Nobuo Nakagawa was the Kiyoshi Kurosawa of his day; a master of the horror genre with a unique style that pretty much set the stage for the way horror films would be made well into the ’70s. Starting at Shintoho in the 1950s, he put his indelible stamp on the genre with classics like Tokaido Yotsuya Kaidan (1959) and Jigoku (1960), both films that married unique camera work and color palettes to a genre better known as a utilitarian way to fight the summer heat (they were supposed to give you chills, literally). With Snake Woman’s Curse, made for Toei in 1968—a time when matinee audiences were more concerned with yokai and daikaiju than traditional horror—Nakagawa brought back both his liquid camera work and eye for effects, and, as screen writer, all the hallmarks of the traditional Japanese horror film.
Traditional kaidan (ghost stories), many based on folktales, generally concern a woman who, wronged in life, returns from the dead to haunt the man who wronged her. Many of these were set in the Edo era (1603-1868), a time when women were largely oppressed in Japanese society. In these stories, women—pushed to the margins of society in terms of rights and presence—become the “other,” and are thus associated with the uncanny and supernatural, another kind of “other.” Snake Woman’s Curse takes place during the Meiji era (1868-1912), a time when Japan was rapidly modernizing and emerging from its feudal past. However, women were still treated shabbily, the traditions of the Edo era codified into law.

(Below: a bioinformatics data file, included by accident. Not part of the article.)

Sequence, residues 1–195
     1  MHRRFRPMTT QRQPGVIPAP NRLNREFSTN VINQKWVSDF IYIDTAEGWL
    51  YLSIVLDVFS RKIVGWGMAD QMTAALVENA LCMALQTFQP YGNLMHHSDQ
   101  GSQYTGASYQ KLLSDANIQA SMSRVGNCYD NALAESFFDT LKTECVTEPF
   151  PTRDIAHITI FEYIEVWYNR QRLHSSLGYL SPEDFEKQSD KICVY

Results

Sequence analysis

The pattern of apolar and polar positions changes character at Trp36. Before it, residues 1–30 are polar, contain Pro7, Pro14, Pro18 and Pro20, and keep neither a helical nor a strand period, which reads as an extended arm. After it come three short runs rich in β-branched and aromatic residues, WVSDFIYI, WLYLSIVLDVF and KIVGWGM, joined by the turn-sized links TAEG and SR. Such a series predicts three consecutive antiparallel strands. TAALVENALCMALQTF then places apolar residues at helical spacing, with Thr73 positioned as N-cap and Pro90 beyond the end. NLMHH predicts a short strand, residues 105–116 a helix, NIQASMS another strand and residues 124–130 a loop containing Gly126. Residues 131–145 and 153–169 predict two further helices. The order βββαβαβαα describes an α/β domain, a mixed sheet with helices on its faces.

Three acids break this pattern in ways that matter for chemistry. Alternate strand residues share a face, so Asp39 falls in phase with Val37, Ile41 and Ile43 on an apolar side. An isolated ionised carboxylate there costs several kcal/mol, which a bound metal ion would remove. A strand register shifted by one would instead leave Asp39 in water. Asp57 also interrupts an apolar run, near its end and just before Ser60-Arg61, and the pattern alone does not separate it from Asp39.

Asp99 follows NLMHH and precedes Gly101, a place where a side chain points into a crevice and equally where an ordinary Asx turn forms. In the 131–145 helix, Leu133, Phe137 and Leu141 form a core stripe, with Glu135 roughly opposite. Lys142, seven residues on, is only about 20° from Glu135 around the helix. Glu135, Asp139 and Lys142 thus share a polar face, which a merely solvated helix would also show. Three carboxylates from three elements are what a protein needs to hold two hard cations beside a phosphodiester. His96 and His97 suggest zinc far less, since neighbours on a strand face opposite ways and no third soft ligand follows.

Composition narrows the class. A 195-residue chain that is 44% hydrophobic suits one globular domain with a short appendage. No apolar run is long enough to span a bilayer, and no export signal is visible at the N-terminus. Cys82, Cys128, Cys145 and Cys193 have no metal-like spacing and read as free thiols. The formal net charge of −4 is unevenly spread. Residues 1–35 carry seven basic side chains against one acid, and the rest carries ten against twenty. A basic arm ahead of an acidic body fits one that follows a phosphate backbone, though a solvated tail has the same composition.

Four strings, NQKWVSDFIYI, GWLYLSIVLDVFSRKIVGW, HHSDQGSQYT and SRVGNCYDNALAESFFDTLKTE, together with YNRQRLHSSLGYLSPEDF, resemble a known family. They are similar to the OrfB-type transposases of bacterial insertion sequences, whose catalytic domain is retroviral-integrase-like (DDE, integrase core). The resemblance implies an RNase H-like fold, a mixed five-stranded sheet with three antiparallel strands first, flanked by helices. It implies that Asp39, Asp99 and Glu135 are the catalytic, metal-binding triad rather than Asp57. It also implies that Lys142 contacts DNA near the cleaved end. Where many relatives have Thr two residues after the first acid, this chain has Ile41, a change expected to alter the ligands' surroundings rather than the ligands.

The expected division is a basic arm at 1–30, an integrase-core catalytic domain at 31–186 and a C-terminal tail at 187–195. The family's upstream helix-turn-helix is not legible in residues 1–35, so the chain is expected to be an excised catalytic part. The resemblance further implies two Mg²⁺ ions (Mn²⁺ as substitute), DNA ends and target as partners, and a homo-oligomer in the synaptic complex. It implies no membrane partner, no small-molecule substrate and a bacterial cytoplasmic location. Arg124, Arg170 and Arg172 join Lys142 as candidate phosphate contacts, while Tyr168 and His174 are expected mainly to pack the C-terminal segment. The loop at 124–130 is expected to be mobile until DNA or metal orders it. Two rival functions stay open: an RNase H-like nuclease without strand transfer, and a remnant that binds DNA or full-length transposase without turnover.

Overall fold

After sharecropper farmer Yasuke dies, his debts are passed on to his wife, Sue, and comely adult daughter, Asa, who are forced to move into the landlord’s house and work directly for him. Sue soon finds herself the object of the landlord’s affections, much to the dismay of both her and the landlord’s wife, who treats her ruthlessly. Asa is then targeted by the son of the landlord, who sees in her a quick and consequence-free lay. Soon Sue, sick with the same ailment that killed her husband, dies, and Asa, unable to contain her grief at the death of her parents and the repeated rapes by the landlord’s son, kills herself.
To the wealthy land owners of the film, the farmers are little more than pests, or beasts to exploit. Whether for the work they produce or for their bodies, they exist to service the landlords, or so they would like to believe. However, pushed to the margins, these poor farmers—particularly the women—are thus transformed into obake, ghosts, and begin to haunt the landlord and his son. The landlord’s son marries soon after Asa’s suicide, and his guilt is transferred to his own wife, whom he hallucinates as having huge snake scales instead of skin. Although higher in society than the farmers, the new wife is still female, and thus also an “other” in the eyes of the son.
Snake Woman’s Curse was the (snake’s) tail end of the classic kaidan genre. However, it was a wronged woman named Sadako who would bring this traditional element back to Japanese horror in the form of Ringu (1998), the popularity of which suggests that Japan may still have some issues of sexual equality left to address.